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Wyoming may have to dig deep for snow plowing money

Wyoming may have to dig deep for snow plowing money

Budget to clear roads is almost tapped, road funds may have to cover difference

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Burgess Plowing

Wyoming Department of Transportation crews plow U.S. Highway 14A between Lovell and Burgess Junction in May 2011. WYDOT annually closes this 22-mile stretch of scenic road in the Big Horn Mountains and two others in Wyoming during the winter. This year's snowy season has nearly tapped the state's plowing budget -- with the two wettest months of the season still ahead.

The state’s snow plowing budget for the year is going bust, and the Wyoming Department of Transportation may have to dip into a construction budget to clear the roads during the wettest season of the year, the department announced Friday.

That could delay of some road construction projects, said department spokesman Dave Kingham.

As of Feb. 28, WYDOT had spent $21.9 million on snow plowing. But this year's budget for snow control was $22.6 million, WYDOT said in a statement. March costs are not in yet and department officials expect them to exceed the budget’s remaining $674,000.

“Historically, March and April are our heaviest snow months, but even if there is no more snow this spring, just reopening the mountain passes will put us significantly over the budgeted amount,” WYDOT Chief Engineer Del McOmie said in the announcement.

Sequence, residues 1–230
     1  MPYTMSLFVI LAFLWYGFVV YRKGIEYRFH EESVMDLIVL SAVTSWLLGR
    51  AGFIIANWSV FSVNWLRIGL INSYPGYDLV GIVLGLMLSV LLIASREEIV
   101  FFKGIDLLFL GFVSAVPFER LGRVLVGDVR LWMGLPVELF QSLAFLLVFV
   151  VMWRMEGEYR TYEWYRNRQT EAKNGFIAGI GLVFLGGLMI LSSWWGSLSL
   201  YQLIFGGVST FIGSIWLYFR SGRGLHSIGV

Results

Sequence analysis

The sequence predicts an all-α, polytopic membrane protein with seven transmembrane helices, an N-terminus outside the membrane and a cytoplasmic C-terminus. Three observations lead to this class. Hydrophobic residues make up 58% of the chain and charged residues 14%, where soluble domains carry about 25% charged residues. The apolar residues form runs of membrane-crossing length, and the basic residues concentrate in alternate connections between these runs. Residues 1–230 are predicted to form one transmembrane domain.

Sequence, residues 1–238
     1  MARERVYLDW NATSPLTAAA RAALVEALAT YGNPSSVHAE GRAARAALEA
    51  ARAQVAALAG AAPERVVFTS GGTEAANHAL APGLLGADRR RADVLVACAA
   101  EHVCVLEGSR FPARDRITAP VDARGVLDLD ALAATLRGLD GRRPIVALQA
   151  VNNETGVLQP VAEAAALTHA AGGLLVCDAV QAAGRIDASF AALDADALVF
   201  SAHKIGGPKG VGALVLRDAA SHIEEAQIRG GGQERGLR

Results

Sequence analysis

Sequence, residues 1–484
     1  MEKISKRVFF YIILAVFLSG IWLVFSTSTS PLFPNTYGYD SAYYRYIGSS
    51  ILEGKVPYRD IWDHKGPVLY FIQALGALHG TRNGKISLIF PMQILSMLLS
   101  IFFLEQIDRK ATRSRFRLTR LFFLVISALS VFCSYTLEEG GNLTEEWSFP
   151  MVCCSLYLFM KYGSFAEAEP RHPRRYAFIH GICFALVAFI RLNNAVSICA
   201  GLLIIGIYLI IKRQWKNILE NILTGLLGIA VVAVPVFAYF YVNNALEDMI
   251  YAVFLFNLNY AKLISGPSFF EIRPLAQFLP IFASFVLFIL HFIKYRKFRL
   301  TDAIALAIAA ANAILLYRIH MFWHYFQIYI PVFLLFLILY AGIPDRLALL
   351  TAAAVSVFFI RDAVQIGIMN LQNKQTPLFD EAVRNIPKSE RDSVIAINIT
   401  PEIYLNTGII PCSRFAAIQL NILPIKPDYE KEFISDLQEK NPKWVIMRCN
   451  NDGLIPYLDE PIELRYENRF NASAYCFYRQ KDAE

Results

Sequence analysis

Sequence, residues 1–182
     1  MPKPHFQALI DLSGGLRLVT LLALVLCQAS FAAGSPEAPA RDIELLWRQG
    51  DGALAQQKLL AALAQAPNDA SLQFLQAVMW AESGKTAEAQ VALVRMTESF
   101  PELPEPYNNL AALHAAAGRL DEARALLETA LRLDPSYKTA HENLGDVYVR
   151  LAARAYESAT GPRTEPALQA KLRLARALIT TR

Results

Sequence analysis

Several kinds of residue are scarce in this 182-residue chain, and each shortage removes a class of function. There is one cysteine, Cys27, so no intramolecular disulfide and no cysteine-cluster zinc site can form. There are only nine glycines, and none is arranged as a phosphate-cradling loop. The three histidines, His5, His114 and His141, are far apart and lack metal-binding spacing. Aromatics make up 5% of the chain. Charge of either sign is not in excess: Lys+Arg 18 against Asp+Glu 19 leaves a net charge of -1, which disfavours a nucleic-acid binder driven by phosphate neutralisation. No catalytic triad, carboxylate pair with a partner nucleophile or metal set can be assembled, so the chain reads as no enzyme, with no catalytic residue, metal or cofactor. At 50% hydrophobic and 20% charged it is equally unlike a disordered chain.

The three passes McOmie referred to are Wyoming Highway 130 over Snowy Range Pass, Wyoming Highway 70 over Battle Pass, and U.S. 14A west of Burgess Junction over the Big Horns. WYDOT considers it impractical to keep them open during the winter, the statement said, because of heavy snowfall and light traffic. Opening the passes requires extensive plowing of more than a foot of snow.

It cost an average of $305,000 a year during the past five years to open the passes, with a high of $602,000 in 2011. Since most areas of the state have heavier-than-normal snow, this year’s cost will likely to be higher than average, WYDOT warned.

The budget overrun could be as much as $6 million this year, WYDOT Budget Officer Kevin Hibbard said.

The department doesn’t yet know for sure where the extra money will come from, Hibbard said. If the budget overrun is small, it could come from unused funds in budgets for equipment, purchases and building repairs.

But if the budget overrun approaches the millions, it would have to come from the state construction budget. That budget has $12 million left for the year, Hibbard said.

It’s too early to know which state road projects would be delayed if the budget is tapped, Hibbard said. The priority list for the state road construction isn’t decided until July, when snow plow season is over. The state construction budget also pays for road repair as a result of springtime flooding, Hibbard said.

Hibbard said WYDOT isn’t ready to ask the Legislature for more snow plowing funds because additional money isn't needed every year, he said.

Renny MacKay, a spokesman for Gov. Matt Mead, said last year’s budget for snow removal covered expenses. In 2012, the agency spent less than what was budgeted, he said.

This year isn’t the first time when funds for snowplowing have been up in the air.

Reach state reporter Laura Hancock at 307-266-0581 or at Follow her on Twitter: @laurahancock.


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